A federal judge granted summary judgment on February 12 to DirecTV, LLC (DirecTV), holding it was not liable under the Telephone Consumer Protection Act (TCPA) for unsolicited telemarketing calls placed by a third-party vendor because DirecTV had clearly instructed the vendor not to make any cold calls.
The class action, Cordoba et al. v. DirecTV, alleged that DirecTV had violated the TCPA by authorizing a call center vendor, Telecel Marketing Solutions, LLC (Telecel), to place telemarketing calls to solicit subscriptions on DirecTV’s behalf without obtaining the called party’s consent. Specifically, Cordoba argued that Telecel had not kept an internal do-not-call list or respected do-not-call requests, placing unconsented-to telemarketing calls to nearly 17,000 individuals, and claimed that DirecTV knew of and authorized those calls. Telecel, an independent contractor, received commissions for each customer that activated service with DirecTV.
Judge Cohen of the Northern District of Georgia found that, far from authorizing the calls, DirecTV’s contracts with Telecel “expressly prohibited” the making of unsolicited calls to potential customers who had not contacted Telecel first, even when the evidence was viewed in the light most favorable to the plaintiffs. The agreement went beyond a “vague instruction . . . to obey all applicable laws,” stating “unambiguously” that telemarketing calls “to residential telephone lines or cellular phones are not permitted.” DirecTV also required Telecel to comply with its telemarketing policy, which forbade all such calls “unless they are returning a direct inquiry from a customer and such inquiry can be substantiated.” And these prohibitions were prominently placed on the cover letter for the telemarketing policy with a bold and underlined “Reminder,” not buried in legal jargon. As a result, the court held DirecTV could not be found to have given express consent for the calls to Telecel.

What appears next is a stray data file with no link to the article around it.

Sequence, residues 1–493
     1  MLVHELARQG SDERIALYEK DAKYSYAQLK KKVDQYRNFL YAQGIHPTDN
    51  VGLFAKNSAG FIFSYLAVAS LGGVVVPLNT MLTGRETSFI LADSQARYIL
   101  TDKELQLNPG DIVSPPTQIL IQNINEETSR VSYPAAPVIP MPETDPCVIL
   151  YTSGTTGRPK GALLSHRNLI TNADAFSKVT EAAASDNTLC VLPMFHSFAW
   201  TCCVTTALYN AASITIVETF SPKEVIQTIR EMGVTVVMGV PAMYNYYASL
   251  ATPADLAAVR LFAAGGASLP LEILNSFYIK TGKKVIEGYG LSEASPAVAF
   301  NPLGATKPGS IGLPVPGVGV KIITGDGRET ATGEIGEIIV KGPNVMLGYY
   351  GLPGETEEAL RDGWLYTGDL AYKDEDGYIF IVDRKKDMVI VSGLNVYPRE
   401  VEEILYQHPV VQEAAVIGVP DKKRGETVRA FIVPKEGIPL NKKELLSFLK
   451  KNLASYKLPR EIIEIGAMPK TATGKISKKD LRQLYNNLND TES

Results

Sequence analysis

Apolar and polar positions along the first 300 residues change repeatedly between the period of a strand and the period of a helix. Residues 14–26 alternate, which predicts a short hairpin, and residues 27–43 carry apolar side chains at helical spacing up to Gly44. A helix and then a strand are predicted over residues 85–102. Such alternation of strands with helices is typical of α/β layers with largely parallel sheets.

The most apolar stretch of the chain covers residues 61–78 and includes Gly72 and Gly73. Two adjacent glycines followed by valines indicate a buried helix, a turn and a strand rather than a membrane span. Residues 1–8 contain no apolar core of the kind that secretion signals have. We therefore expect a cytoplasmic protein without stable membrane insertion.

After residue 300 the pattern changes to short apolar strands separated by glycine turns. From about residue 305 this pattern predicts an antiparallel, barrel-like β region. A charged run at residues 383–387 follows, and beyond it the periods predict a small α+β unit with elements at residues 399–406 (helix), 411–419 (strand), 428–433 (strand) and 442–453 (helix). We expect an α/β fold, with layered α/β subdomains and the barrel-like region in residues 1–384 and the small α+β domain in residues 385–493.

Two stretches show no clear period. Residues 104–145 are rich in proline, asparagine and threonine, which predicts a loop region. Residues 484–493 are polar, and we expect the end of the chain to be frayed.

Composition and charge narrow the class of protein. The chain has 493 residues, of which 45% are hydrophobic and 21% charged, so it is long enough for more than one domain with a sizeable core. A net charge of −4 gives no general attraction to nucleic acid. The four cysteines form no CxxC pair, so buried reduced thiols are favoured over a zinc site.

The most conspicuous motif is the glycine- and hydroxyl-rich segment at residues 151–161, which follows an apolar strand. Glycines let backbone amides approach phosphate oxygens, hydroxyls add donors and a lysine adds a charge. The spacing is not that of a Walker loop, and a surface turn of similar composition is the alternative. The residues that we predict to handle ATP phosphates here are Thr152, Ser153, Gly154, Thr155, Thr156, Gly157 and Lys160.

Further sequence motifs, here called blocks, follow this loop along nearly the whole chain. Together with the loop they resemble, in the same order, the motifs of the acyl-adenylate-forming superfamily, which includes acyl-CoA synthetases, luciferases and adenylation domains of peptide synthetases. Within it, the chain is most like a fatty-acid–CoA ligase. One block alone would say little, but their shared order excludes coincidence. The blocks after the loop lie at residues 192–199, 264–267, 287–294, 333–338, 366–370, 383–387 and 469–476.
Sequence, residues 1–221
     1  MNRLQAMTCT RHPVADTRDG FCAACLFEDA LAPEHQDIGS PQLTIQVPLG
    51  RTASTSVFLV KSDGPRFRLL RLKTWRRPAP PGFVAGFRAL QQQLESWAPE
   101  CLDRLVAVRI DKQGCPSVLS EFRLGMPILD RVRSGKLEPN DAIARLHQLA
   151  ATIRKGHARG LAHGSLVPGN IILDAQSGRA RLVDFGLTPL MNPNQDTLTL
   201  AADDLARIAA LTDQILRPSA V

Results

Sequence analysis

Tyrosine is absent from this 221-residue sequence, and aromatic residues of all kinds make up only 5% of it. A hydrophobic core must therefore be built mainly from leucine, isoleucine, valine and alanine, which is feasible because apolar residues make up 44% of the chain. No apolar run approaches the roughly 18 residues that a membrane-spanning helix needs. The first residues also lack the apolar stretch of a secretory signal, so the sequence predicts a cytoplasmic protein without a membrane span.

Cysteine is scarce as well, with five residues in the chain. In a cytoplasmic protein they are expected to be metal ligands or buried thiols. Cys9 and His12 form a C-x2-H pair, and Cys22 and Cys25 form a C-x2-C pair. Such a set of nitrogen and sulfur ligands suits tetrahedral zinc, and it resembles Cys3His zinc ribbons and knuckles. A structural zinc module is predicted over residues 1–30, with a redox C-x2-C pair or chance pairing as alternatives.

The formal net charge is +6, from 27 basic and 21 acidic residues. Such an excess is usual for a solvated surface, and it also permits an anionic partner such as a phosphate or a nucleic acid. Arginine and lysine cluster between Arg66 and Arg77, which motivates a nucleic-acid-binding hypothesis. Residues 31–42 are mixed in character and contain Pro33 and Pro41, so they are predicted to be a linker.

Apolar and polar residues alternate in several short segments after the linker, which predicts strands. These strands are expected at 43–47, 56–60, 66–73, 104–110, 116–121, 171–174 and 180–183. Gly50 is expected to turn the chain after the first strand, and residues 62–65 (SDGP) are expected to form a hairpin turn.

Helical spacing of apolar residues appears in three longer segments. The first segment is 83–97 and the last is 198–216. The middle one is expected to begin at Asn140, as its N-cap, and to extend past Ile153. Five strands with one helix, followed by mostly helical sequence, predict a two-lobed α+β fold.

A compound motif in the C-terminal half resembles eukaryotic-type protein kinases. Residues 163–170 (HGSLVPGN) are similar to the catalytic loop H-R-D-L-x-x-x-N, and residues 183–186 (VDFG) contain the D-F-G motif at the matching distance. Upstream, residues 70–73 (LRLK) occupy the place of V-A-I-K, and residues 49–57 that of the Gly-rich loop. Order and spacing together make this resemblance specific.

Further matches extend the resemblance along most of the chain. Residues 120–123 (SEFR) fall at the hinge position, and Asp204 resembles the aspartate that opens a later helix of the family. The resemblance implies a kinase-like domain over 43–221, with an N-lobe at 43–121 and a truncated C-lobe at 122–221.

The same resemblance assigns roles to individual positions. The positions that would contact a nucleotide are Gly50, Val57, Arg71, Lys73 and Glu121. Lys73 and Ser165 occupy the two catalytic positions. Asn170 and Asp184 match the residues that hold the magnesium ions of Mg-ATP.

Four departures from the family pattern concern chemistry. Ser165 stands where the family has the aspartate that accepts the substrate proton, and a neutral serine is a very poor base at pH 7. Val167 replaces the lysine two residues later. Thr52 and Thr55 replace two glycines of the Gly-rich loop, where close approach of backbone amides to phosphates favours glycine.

Additionally, there was no evidence DirecTV knew of these calls, aside from a single call that resulted in a warning from DirecTV to Telecel. However, DirecTV, in corresponding with Cordoba about calls from third-party vendors, had made sure Cordoba knew that removal from DirecTV’s internal do-not-call list would not “impact activities of independent retailers, who may promote DirecTV services or products.” Therefore, Telecel had no implied or apparent authority to place these calls.
Since DirecTV had clearly not ratified Telecel’s cold calls, the court granted DirecTV’s motion for summary judgment, dismissing the class and individual TCPA claims. Following this decision, the only unresolved matter is a claim by another plaintiff under the Satellite Television Extension and Localism Act. That claim, alleging that DirecTV disclosed protected subscriber information, will be moved to arbitration as ordered by the Eleventh Circuit in February 2020.
DirecTV’s success contrasts markedly with the outcome of Dish Network’s (Dish) TCPA litigation in 2017. Dish faced federal allegations that it had placed tens of millions of telemarketing sales calls to individuals on national and internal do-not-call lists through third-party vendors. The court found Dish liable, assessing a record-setting $280 million in civil penalties under the TCPA and Telemarketing Sales Rule, due in part to Dish’s failure to provide clear instructions to and oversight of its vendors. The Fourth Circuit later upheld a $61 million class action verdict against Dish Network in a separate TCPA case on similar grounds.